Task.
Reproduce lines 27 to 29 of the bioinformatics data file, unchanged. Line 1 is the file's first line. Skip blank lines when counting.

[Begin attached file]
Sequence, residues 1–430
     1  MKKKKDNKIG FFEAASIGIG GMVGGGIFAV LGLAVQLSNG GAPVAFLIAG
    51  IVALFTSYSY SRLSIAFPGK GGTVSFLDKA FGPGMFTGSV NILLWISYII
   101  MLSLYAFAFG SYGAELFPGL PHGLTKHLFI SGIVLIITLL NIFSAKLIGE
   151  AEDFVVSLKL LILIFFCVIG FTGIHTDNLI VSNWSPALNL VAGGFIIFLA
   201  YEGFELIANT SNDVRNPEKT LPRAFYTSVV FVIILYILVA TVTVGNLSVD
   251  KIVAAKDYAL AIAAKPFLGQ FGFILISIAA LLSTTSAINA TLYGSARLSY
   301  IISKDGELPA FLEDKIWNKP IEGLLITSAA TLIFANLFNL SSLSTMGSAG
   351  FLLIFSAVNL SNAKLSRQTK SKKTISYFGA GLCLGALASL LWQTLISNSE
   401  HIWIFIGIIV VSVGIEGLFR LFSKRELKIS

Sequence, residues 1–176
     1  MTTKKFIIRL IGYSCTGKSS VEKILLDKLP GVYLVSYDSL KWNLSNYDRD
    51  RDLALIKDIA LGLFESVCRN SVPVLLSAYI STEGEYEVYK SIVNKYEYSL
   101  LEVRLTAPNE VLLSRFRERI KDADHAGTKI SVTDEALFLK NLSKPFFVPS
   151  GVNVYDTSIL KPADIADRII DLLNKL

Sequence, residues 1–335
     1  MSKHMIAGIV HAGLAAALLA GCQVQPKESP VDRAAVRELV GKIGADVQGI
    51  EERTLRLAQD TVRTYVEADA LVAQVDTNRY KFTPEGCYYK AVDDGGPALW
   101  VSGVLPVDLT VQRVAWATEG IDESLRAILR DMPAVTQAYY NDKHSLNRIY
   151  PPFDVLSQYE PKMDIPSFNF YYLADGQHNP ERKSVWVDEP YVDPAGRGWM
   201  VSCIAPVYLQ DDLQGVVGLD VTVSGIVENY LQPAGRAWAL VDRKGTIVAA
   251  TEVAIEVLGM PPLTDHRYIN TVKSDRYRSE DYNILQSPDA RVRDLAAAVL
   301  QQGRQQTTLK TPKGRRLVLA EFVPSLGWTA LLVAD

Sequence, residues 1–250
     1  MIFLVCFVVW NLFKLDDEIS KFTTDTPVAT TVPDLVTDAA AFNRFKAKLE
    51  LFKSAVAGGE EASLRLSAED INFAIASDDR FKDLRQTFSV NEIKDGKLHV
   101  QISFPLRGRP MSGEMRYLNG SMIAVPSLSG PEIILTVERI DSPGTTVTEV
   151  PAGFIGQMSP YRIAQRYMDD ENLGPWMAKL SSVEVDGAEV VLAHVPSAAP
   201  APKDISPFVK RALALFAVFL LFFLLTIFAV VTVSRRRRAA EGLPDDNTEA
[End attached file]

   101  QISFPLRGRP MSGEMRYLNG SMIAVPSLSG PEIILTVERI DSPGTTVTEV
   151  PAGFIGQMSP YRIAQRYMDD ENLGPWMAKL SSVEVDGAEV VLAHVPSAAP
   201  APKDISPFVK RALALFAVFL LFFLLTIFAV VTVSRRRRAA EGLPDDNTEA